In a letter dated today (November 29) which was shared by the NDP opposition in Alberta, Alberta Health Services (AHS) says it will be eliminating 500 full-time equivalent nursing jobs in the province over the next three years.   

The letter came from AHS Lead Negotiator Raelene Fitz and was sent to the Director of Labour Negotiations for the United Nurses of Alberta (UNA) David Harrington.  It says while the health care budget has remained stable, Alberta is facing a "growing and aging population" which "means we need to be more efficient and focused in terms of health care spending." 

The letter goes on to say that, "AHS will proceed using an 'attrition-only' approach until March 31, 2020.  Beginning April 1, 2020, AHS will use all options under the collective bargaining agreement to implement OBP (operational best practices).  Total FTE (full-time equivalent) impact over the next three years is estimated to be 500." 

According to UNA estimates, the move will lead to the loss of at least 750 front-line registered nurses and registered psychiatric nurses' jobs, once job sharing is factored into the equation.   UNA calls the move "massive downsizing." 

UNA President Heather Smith said in a news release, "From the tone of what we were told, we believe this is only the first wave of layoffs affecting RNs represented by UNA."  She went on to says that Premier Jason Kenney and other members of his party promised during the election campaign that cuts they were planning would not affect front line health care workers. 

A statement from Alberta Finance Minister Travis Toews says, 

“The Government of Alberta has been abundantly clear that spending restraint, change, and innovation is necessary to ensure the long-term sustainability of the high-quality services Albertans rely on. 

“In order to be transparent and respect the collective bargaining process, unions were notified of potential workforce restructuring to ensure taxpayer dollars bring greater value to Albertans and the communities we serve.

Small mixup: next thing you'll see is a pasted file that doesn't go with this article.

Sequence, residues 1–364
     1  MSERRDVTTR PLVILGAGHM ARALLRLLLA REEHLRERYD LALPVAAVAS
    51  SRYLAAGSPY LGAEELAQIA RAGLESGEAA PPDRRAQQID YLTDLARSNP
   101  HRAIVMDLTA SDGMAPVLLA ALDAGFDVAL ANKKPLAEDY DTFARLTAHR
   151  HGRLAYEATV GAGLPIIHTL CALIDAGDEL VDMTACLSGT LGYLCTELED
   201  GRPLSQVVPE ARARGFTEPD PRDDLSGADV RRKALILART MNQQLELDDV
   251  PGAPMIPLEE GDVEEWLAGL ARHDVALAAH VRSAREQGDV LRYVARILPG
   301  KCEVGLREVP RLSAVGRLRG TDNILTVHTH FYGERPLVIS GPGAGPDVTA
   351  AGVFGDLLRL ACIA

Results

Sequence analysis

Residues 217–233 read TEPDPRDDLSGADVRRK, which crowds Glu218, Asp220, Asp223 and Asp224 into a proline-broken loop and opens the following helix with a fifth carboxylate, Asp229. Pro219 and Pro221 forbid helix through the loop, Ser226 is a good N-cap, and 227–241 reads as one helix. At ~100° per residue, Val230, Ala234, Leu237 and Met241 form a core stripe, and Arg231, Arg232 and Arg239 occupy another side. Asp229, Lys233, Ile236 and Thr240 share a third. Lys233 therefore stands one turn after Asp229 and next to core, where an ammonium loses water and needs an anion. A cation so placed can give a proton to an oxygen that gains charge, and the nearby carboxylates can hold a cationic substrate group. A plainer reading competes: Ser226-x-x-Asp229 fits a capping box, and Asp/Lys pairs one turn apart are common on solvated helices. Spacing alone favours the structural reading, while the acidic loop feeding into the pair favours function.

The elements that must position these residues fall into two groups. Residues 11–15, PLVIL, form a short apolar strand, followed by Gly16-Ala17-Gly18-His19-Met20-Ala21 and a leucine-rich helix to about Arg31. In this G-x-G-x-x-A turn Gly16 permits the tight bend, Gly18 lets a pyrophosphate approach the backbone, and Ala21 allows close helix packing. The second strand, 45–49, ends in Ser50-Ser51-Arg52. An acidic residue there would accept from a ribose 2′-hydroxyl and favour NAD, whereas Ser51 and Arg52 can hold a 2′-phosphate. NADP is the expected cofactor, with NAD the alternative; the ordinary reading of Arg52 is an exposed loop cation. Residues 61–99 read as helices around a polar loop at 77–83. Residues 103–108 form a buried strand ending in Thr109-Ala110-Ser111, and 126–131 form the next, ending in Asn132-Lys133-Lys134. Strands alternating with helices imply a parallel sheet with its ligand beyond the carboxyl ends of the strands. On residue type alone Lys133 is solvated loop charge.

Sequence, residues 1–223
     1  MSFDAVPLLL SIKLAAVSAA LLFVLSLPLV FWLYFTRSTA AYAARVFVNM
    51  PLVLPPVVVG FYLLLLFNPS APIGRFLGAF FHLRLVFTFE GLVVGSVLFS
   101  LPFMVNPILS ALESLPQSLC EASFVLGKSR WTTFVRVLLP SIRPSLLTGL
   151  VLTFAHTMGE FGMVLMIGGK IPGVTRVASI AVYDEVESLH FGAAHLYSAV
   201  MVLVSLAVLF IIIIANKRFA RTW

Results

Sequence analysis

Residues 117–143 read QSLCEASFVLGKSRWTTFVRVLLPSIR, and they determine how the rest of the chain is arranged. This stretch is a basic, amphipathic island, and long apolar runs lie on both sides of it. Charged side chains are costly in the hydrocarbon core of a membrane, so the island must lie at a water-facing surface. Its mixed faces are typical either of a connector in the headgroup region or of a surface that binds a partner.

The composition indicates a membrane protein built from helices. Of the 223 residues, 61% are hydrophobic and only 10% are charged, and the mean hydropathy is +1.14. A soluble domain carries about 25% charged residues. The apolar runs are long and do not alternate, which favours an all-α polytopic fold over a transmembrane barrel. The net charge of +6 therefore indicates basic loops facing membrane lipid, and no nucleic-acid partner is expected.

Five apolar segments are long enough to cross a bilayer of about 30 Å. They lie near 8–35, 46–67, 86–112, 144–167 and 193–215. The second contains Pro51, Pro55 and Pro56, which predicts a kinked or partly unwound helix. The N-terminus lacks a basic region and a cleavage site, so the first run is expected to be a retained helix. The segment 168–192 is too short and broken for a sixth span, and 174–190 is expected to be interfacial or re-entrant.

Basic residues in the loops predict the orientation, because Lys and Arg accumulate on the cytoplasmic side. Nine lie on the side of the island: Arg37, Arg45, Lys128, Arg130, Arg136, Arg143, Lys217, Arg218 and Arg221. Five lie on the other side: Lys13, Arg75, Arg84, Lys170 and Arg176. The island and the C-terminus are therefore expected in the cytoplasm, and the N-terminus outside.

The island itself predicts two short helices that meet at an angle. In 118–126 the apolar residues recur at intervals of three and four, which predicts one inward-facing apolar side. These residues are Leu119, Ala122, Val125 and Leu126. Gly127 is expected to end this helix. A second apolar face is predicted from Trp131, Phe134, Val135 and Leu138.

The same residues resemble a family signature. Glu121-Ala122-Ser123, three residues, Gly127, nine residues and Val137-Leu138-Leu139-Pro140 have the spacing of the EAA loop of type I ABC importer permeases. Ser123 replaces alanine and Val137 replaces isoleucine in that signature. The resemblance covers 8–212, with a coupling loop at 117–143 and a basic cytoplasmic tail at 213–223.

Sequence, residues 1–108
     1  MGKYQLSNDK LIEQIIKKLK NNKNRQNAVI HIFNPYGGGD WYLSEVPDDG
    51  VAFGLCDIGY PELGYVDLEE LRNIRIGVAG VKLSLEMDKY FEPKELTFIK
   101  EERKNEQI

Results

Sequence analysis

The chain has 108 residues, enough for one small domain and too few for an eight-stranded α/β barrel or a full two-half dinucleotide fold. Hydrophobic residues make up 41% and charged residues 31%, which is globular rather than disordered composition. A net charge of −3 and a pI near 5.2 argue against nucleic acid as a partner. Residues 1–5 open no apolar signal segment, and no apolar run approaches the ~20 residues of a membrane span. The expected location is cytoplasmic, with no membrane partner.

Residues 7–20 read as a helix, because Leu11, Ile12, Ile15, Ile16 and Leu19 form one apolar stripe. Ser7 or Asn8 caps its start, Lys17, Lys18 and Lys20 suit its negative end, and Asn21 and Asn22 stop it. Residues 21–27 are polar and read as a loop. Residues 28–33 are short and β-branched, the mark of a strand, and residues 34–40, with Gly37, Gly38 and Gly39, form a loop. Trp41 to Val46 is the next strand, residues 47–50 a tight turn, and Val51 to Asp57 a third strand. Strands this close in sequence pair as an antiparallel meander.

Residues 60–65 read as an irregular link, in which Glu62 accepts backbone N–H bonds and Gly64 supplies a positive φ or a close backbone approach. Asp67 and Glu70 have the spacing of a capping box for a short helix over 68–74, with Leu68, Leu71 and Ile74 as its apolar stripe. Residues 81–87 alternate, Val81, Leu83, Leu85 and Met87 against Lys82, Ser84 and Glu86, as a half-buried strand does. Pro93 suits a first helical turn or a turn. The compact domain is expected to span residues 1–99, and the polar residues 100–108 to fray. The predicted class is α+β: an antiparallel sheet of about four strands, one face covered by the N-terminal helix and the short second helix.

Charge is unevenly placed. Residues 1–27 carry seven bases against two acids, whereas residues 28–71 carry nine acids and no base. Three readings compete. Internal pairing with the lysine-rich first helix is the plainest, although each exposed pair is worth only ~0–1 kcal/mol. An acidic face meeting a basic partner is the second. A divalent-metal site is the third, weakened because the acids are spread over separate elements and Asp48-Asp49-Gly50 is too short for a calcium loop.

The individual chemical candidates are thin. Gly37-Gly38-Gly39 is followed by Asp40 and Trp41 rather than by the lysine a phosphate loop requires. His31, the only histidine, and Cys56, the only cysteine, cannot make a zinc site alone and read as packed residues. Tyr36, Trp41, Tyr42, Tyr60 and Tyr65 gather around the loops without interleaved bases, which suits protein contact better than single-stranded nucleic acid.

“The MacKinnon report clearly showed, the status quo is not a sustainable option. Despite spending far more per capita on services than other large provinces, our outcomes are no better and often worse. 

“We were also clear about the need for an ongoing review of government programs to ensure they are efficient and effective, and that this could result in changes to the public service. 

“This means that some difficult but necessary decisions are required to ensure available funding is directed to the front-line services Albertans need most. These could include changes to staffing levels, aligning resources to areas where need is greater, as well as finding alternative ways to deliver services that would keep jobs in the Alberta economy. 

“We have the highest respect and admiration for all public sector workers. These potential changes do not change the value we place on their dedication to Albertans.” 

The NDP Opposition critic for health care David Shepherd calls the move "shameful."  "I can't see any way this does not have a significant negative impact on patient care." 

Alberta nurses are ready to begin 2020 collective bargaining talks.